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Performance

Tricks & Treats: The Big List of Productivity Tools

By October 8, 2015June 19th, 2017No Comments

My eyelids drooped, and I struggled to keep them open. I hadn’t had any real sleep in days. It was too dangerous for me to rest; if I took even the shortest of naps, I’d be done for.

Just then, the clock struck midnight. My heart began to race as I realized what time it was. Panic rose inside me. Over the last few hours, the darkness had been creeping from the corners of the room, and now all I could see was the shadows looming around me.

“Why me?!” I shouted to the darkness. “Why am I staying up this late to get work done AGAIN!?”

Maybe if you hadn’t left everything to the lasssstttt minuteeee, I heard a voice whisper.

My eyes darted around the room, and I saw all the things that were haunting me: the dishes in the sink, the unfinished knitting project, the Netflix DVD I hadn’t returned, and the most evil of all my demons…my never-ending, ever-growing to do list.

It had me working way past my bedtime just to catch up, and it made me feel overwhelmed and anxious because of all the tasks on it that weren’t yet done.

It had started as a simple to do list a few days before, but as it grew, it had gotten overwhelming. I started procrastinating, putting things off for as long as possibly, and eventually having to work late into the night to get it all done.

And when I wasn’t working, I felt guilty. That made me procrastinate even more.

After one-too-many late nights spent feeling resentful and unhappy, I decided I’d get organized.

Why Get Organized?

Getting organized can be scary. It seems impossible to find the time, the energy, or the right “style” to ensure you keep up with whatever new system or philosophy you set up.

But being organized has a huge benefit: it increases our performance, which in turn enhances our capacity to further our vision. It’s a solid support we can lean on no matter how challenging or fast-moving our projects are.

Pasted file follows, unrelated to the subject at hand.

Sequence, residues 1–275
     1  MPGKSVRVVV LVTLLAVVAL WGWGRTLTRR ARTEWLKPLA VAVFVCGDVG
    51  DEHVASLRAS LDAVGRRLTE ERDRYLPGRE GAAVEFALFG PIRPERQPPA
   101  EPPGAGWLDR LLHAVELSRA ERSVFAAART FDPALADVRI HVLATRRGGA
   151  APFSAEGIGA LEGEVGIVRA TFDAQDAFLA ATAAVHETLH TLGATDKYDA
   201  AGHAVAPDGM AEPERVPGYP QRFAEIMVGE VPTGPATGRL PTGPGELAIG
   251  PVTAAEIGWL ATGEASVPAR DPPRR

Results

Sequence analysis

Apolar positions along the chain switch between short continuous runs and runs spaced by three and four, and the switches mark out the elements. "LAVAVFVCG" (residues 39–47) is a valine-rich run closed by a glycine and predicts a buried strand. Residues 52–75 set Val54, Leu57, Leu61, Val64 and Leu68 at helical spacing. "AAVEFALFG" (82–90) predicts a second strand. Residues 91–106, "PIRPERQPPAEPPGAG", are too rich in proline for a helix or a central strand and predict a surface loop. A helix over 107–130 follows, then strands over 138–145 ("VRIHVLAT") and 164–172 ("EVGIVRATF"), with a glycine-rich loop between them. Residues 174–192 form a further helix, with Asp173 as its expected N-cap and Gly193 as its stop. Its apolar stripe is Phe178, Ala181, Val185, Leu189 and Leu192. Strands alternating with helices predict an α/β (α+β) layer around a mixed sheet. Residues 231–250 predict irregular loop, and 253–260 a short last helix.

It’s also deeply tied to personal ecology. When we’re in control of our schedule and tasks, we’re also in control of the time we spend outside of the office, which is a key piece to sustaining ourselves over a lifetime of work.

So, in honor of National Get Organized Week (and the spooky month of October), we’ve compiled a big list of tricks & treats to help you get organized — at home, at work, and within yourself.

And what about my terrifying tale? It actually has a happy ending: after experimenting with all different kinds of organization systems and tools, I found something that worked beautifully for me, and I still use it today. What helped most of all was that I didn’t try and do everything at once; I did a little bit all the time. If something was really daunting, or if I just didn’t have hours to focus on it, I would set a timer for 5-10 minutes, and do however much I could in that time.

Good luck! If you do start getting organized, share it with us in the comments!


Tips & Tools from Rockwood’s blog

Tips & Tools from Other Sources

Webapps

  • Task Management – Two popular and easy-to-use ones are Asana and Trello, but there are tons of different ones out there, for personal use, teams, and even families/couples.
  • Google Apps – you’re probably at least a little familiar with Google apps (which includes Gmail, Google Drive, etc.), but did you know it can be used as a serious productivity tool?
  • Evernote – If you’re not that into Google, or you want an all-in-one solution, Evernote is a streamlined option that’s also available on mobile.
  • Tomato Timer – this is actually an accessory to the Pomodoro Technique, but could be used as a simple timer to help you stay focused.
  • me – unsubscribe from all of those pesky promotional emails in one fell swoop.
  • Feedly – if you spend a lot of time reading blogs or websites every day, Feedly brings them all together in one place, and allows you to organize them for future reference (if you’re looking for a way to organize research or resources, try Pocket).
  • Buffer – a wonderful tool to help you manage your social media without having to spend a lot of time on it.
  • White Noise – if music is too distracting, try Coffeetivity, Rainymood, or SimplyNoise.
  • IFTTT – this is a nifty little webapp that allows you to set up automatic processes with some of the most popular websites (I use it to get a head’s up on the next day’s weather so I can dress appropriately).

Blogs

  • CompassPoint – a great blog filled with resources specifically geared towards nonprofits and people in social change movements.
  • Lifehacker – this blog can get a bit on the techy side sometimes, but it’s full of advice on everything from buying a home, to decluttering your space, to working out.
  • Zenhabits – a father and writer shares his journey to simplifying his life.
  • Gretchen Rubin – an author and podcaster offers her insights on productivity, organization, habits, and more.
  • Tanveer Naseer – focused on nonprofit leadership, this blog has endless tips for team-building, management skills, purpose, and vision.
  • Beth Kanter – concrete tools, tips, and more for nonprofit leaders.
  • 99u – a collection of creative, big picture stuff to inspire you, get you out of a rut, or help you think outside the box.

Got a favorite blog, resource, or tip for organization? Share it with us!

Rockwood Community Call

Kiara Lee, MSW

holistic trauma healing coach, dynamic speaker, and valued consultant

July 28 * 12 PT / 3 ET